Disruption as an opportunity: what big business can learn from startups

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Disruption as an opportunity: what big business can learn from startups


Disruption is not a new concept. The difference in our modern world is that disruption happens at a much faster pace, and with this rapid disruption comes a need for businesses to keep up or get left behind. Adopting a startup mindset presents a unique opportunity for bigger businesses, as these smaller, often tech-driven companies can adapt to and drive change through innovation at great speed.

“Small business' main advantage is its agility, which enables it to respond rapidly to changes in market demand,” says Catherine Wijnberg, CEO of Fetola. “Compare a speed boat to an oil tanker, that's what big business needs to think about – how can it decrease its own internal red tape that keeps its anchor from dragging it down?”

Embrace technological disruption

“In this era of rapid change and social media, consumers know what is available. They demand the latest solutions, quicker services and customised products,” adds Wijnberg. “Last year’s designs, apps, websites, solutions are no longer appealing.”

The companies that lead the market are those that embrace technological changes and make innovation a top strategic priority. While established companies traditionally rely on sustaining technologies that have improved over time, startups adopt or create disruptive technology and programmes that optimise their operations and products to respond to their customers’ needs.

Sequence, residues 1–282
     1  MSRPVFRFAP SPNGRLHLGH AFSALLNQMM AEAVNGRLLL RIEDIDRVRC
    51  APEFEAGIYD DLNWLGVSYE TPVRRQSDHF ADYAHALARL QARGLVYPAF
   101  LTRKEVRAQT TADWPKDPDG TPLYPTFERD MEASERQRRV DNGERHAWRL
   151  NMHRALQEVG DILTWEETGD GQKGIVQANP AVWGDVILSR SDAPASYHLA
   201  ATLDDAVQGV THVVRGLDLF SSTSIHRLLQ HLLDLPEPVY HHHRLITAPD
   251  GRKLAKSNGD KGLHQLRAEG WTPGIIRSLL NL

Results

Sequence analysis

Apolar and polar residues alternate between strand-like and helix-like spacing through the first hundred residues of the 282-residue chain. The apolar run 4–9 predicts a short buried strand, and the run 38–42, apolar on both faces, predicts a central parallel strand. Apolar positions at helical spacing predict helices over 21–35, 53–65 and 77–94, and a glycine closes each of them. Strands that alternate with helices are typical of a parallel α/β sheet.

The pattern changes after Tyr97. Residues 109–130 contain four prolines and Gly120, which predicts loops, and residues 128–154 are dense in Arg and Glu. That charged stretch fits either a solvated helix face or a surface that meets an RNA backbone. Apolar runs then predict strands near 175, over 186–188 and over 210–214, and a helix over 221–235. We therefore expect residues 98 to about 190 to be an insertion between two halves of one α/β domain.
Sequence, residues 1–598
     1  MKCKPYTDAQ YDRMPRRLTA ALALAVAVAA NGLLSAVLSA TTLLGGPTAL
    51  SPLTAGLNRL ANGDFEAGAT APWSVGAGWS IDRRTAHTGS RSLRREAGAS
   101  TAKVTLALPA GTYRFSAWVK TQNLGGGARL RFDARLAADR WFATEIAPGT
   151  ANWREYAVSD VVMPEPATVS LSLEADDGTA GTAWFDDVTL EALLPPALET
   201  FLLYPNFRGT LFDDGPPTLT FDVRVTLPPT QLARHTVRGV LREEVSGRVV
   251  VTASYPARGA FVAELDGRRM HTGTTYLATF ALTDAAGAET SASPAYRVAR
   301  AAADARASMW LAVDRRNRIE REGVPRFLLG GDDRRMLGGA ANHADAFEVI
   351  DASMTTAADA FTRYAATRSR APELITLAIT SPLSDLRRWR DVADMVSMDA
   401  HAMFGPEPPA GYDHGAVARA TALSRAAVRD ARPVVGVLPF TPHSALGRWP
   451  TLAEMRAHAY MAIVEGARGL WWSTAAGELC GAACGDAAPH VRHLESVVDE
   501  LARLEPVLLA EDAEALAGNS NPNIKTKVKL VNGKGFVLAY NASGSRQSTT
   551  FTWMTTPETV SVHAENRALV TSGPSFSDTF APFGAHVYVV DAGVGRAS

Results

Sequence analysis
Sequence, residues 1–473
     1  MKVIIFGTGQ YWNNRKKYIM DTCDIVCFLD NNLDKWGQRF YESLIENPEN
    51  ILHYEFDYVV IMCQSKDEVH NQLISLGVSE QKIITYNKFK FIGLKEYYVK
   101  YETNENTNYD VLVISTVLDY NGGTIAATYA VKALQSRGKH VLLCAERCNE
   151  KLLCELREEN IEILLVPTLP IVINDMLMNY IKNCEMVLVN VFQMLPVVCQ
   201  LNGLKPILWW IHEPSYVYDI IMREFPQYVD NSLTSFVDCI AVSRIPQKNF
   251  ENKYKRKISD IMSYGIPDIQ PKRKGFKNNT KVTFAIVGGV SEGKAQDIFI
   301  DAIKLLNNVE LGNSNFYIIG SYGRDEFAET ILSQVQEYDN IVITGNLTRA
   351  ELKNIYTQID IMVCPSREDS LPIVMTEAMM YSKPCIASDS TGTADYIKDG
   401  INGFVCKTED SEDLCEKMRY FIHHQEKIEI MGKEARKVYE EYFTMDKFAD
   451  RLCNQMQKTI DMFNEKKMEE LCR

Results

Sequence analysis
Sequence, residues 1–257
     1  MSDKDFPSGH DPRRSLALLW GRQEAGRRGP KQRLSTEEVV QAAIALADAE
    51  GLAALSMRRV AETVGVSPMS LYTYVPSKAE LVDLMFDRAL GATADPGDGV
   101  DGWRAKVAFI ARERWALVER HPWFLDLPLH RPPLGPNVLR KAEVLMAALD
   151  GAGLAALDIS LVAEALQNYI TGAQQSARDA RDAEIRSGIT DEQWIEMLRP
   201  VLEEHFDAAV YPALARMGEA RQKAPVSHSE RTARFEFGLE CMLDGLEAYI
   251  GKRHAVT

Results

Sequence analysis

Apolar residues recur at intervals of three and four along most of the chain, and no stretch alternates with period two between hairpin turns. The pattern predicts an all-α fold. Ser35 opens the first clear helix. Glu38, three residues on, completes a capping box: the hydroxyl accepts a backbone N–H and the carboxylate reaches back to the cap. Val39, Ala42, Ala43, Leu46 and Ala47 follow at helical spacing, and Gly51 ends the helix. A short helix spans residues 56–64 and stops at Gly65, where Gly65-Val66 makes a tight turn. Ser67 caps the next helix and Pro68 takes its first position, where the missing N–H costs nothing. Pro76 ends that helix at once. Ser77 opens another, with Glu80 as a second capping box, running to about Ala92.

Examine vulnerabilities and deal with uncertainty

Startups often look at areas of bigger businesses that are vulnerable and find a door to the market by offering something that is more suitable for now. They are also primed to deal with uncertainty and failure. To stay ahead, businesses need to examine areas of the business that are vulnerable to disruptive changes, to look at megatrends and to deal with uncertainty by looking outside of the boundaries of their industries for potential opportunities.

Quick decision-making

The fast pace of disruption leaves little time for deliberation and arduous approval processes. Decentralising the decision-making process can give a business the edge that it needs. “Change requires freedom, so employ the best people, give them clear directions and a broad framework and then step out of the way so they can deliver. If you want to go fast, go alone. If you want to go far, go together,” concludes Wijnberg.

06 Aug 2018